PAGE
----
The feeling of summer was apparent earlier this week at Port Royale Marina on Lake Lanier.
Boats were being scrubbed down, sunbathers were taking advantage of the pier area and diners were enjoying casual fare at Pelican Pete’s, the marina’s open air restaurant.
The afternoon was just a hint of what’s to come as the Memorial Day holiday weekend kicks off the start of the busy summer season for many local merchants.
“This is going to be one to break some records,” said William Archer, Port Royale’s rental and restaurant manager, of the upcoming weekend. “The season’s already ramped up early this year.
"We’re already at the amount of boat rentals and in the restaurant that we were at midseason last year.”
Archer attributed the early start to the summer season to higher than normal temperatures the past few weeks.
“With the weather as hot as it’s been, everyone wants to go get on the water,” he said.
And that water is high, with Lanier at 1,069.05 feet above sea level, close to its summer full pool.
While there weren’t as many people out at Shady Grove Campground, not far from Port Royale in northeastern Forsyth, the county-owned camping lots likely will be full starting Friday.
Jodi Gardner, the county’s spokeswoman, said the grounds are open from April to the beginning of November, so Memorial Day typically signals the start of a busy couple of months.
“July has typically been the busiest month, with an average of 28 site rentals a day,” she said. “May, June, September and October average around 21 rentals a day.”
She also noted that April and August are the slowest months of the campground’s season.
Before the opening of the grounds each year, she said, workers perform a variety of maintenance tasks to make sure the sites are ready for campers who come from across Georgia and other Southern states including Alabama and South Carolina. Others travel from as far as Ohio.
“This would include such things as replacing landscape timbers around the campsites, replacing boards on picnic tables, replacing grills and removing dead trees and limbs,” she said.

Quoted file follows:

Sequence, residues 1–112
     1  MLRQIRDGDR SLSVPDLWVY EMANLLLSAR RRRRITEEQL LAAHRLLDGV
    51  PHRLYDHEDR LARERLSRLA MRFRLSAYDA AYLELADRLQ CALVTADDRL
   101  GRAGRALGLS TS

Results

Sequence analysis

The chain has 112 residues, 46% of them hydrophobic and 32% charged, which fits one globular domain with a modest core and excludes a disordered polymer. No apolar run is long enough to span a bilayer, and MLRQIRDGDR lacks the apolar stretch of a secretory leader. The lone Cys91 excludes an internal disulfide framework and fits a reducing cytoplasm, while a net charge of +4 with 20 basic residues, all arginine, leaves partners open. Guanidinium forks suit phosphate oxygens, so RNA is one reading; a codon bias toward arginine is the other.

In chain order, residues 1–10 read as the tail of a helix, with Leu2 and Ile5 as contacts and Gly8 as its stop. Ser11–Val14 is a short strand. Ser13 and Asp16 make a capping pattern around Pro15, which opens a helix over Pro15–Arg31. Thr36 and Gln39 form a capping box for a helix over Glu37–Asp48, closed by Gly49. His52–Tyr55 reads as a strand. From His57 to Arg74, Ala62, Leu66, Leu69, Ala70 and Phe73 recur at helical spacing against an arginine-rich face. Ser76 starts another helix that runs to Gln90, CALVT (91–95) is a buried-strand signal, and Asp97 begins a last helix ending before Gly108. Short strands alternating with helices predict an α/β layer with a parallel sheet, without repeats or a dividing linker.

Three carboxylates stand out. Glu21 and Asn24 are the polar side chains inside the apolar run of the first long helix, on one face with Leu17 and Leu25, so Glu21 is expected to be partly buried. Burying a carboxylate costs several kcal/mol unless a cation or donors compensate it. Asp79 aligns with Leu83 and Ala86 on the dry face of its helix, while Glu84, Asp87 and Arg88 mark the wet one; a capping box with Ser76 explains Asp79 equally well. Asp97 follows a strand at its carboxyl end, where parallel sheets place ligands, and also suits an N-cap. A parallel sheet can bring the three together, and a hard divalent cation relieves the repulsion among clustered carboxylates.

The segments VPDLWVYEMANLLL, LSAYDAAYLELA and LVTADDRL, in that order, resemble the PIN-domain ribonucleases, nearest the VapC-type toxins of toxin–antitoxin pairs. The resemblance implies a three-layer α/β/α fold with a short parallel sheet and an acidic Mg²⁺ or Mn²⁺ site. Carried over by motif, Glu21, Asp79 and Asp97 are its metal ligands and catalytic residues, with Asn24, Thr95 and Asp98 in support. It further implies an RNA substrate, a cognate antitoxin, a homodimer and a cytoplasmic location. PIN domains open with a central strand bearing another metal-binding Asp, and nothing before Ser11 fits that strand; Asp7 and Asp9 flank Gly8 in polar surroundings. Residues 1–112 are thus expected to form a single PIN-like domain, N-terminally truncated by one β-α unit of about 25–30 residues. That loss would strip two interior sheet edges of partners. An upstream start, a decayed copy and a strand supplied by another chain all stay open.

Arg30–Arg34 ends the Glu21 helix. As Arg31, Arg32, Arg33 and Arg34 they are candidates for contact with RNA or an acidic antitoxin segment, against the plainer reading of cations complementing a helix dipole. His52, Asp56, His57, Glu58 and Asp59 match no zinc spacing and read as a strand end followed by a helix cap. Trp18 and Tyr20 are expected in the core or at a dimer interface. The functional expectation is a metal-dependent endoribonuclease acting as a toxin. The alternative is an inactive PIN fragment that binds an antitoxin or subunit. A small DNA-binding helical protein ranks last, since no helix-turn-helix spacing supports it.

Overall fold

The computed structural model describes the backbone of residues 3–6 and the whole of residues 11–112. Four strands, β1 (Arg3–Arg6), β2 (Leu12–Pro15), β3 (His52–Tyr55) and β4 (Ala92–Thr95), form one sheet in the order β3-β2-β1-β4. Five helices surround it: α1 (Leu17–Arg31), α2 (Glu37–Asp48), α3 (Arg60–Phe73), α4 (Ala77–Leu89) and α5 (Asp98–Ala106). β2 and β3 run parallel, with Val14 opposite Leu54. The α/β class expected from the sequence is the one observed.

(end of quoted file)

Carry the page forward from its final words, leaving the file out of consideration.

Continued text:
“This year the county renovated 35 sites by adding power and water and making them larger to accommodate larger RVs.”
Gardner noted funding for the improvements came from the voter-approved $100 million parks, recreation and green space bond.
Gas prices may have some impact on weekend travel plans, though Archer said he doesn’t think they’ll have much bearing.
He said he and his staff are preparing for record boat rentals this weekend.
“Gas prices have inched down a bit recently, so we don’t think that will have much impact,” he said. “Boaters this week have been surprised gas prices aren’t higher than they are.”
Jessica Brady, a spokeswoman for AAA Auto Club South, said the organization foresees even lower gas prices by this weekend, which could lead to more last-minute trips.
“Gas prices could drop another 5 cents before the Memorial holiday, causing more travelers to make last-minute decisions to take a trip before the three-day weekend,” she said.
Following the holiday weekend, parents will likely be looking for things to do with their young children since the last day of school in Forsyth County was Wednesday.
Brooke Hawkins, owner of Money Joe’s on Post Road, said summer can be “very good” for business.
The facility offers a number of large inflatable play areas for children, as well as concessions and rooms for private parties.
“It’s nice that despite the 90-, 95-degree heat to have somewhere with air conditioning so the parents won’t have heat strokes while their kids are out playing,” Hawkins said.
She said the facility’s private party business drops off some when school gets out, but there’s “more of a steady flow” of people walking in.
Hawkins takes advantage of the summer months by offering daily deals Monday through Friday.
“We have something special every day,” he said.
Archer is also expecting large numbers this summer.
“We expect a huge increase in business when school’s out,” he said.
Both the marina and children’s play facility hire seasonal help during summer, with many workers coming from the high school and college ranks.
“The difficult part is being able to have them here early [in the season] to train,” Archer said. “But that’s the nature of this business, there’s no down time in the beginning. It starts with a bang and keeps going all summer.”